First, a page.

see a shadow, hear a voice—He will show me a sign.” That’s all I could come
up with at the time.
So, I went and began to pray and make prostrations for hours; but
nothing happened. Eventually I stopped in a state of exhaustion. Then
something Costas had said came to mind: “I accept that Christ is an
important man,” he had told me, “righteous and virtuous, Who was hated out
of envy for His virtue and condemned by His countrymen.” I thought to
myself, “since that’s how Christ was, even if He was only a man, He deserves
my love, obedience, and self-sacrifice. I don’t want paradise; I don’t want
anything. It is worth making every sacrifice for the sake of His holiness and
God was waiting to see how I would deal with this temptation. After
this, Christ Himself appeared to me in a great light. He was visible from the
waist up. He looked at me with tremendous love and said, “I am the
resurrection, and the life; he that believeth in Me, even if he dies, he shall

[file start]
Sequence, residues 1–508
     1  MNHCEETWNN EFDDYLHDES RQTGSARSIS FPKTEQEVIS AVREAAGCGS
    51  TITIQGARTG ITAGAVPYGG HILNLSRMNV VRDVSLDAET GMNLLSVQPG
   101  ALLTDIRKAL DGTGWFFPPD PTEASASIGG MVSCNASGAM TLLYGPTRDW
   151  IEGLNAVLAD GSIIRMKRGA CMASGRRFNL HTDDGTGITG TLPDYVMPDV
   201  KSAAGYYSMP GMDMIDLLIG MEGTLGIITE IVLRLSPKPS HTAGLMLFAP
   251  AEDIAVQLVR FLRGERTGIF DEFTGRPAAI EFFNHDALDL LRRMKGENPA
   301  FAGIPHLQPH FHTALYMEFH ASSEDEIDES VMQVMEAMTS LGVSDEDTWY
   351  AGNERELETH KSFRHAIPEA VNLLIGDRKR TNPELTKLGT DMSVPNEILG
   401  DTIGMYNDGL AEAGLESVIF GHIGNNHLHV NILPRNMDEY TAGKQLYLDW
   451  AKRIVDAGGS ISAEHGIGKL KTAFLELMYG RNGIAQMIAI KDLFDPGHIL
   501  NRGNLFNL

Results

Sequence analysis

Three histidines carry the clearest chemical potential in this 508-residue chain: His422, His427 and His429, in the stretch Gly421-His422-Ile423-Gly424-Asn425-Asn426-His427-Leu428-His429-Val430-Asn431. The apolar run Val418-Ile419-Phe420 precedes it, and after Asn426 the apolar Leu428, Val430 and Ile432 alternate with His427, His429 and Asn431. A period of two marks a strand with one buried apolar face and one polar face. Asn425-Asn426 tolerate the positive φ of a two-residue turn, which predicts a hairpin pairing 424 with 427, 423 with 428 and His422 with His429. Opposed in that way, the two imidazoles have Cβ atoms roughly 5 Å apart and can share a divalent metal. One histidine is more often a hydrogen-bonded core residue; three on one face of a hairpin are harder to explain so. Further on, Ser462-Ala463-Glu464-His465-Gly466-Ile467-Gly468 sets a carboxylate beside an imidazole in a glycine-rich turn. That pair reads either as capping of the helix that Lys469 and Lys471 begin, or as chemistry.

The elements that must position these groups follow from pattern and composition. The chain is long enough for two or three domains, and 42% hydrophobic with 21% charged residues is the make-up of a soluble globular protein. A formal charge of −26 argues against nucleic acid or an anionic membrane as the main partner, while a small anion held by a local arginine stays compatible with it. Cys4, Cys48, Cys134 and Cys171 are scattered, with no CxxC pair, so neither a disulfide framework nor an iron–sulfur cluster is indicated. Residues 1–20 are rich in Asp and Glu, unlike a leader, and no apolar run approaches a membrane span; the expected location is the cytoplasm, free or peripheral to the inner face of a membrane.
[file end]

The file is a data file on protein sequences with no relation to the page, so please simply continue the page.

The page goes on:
live” (Jn. 11:25). He was holding the Gospel in His left hand, open to the page
where the same words were written.
With this event, the uncertainties that had troubled my soul were
overcome, and in divine grace I came to know Christ as true God and Savior
of the world. I was convinced of the truth of the God-man, not by men or
books, but by the very Lord Himself, who revealed Himself to me even at this
young age. Firmly established in faith, I thought to myself, “Come back now,
Costas, if you want, and we’ll have a talk.”

—from the book Elder Paisios of Mount Athos—

Πέντε χελιδόνια-πέντε λόγια που έχουν εσένα προορισμό …

Πέντε χελιδόνια-πέντε λόγια που έχουν εσένα προορισμό.
Κάθε λάμψη κλείνει απάνω σου.
Πριν απλοποιηθείς σε χόρτο
αφήνεις τη μορφή σου απάνω στο βράχο
που πονεί ανεμίζοντας τις φλόγες του προς τα μέσα
Οδυσσέας Ελύτης
1,2,3,4, 5 λέξεις…
«Πέντε χελιδόνια – πέντε λόγια …» λέει ο Ελύτης.
για πέντε λόγια γράφει  και ο απόστολος Παύλος: «θέλω πέντε λόγους δια του νοός μου λαλήσαι …, ή μυρίους λόγους εν γλώσση», φράση που ερμηνεύεται από κάποιους  πατέρες και  μοναχούς ως αναφερόμενη στην επίκληση του ονόματος του Ιησού :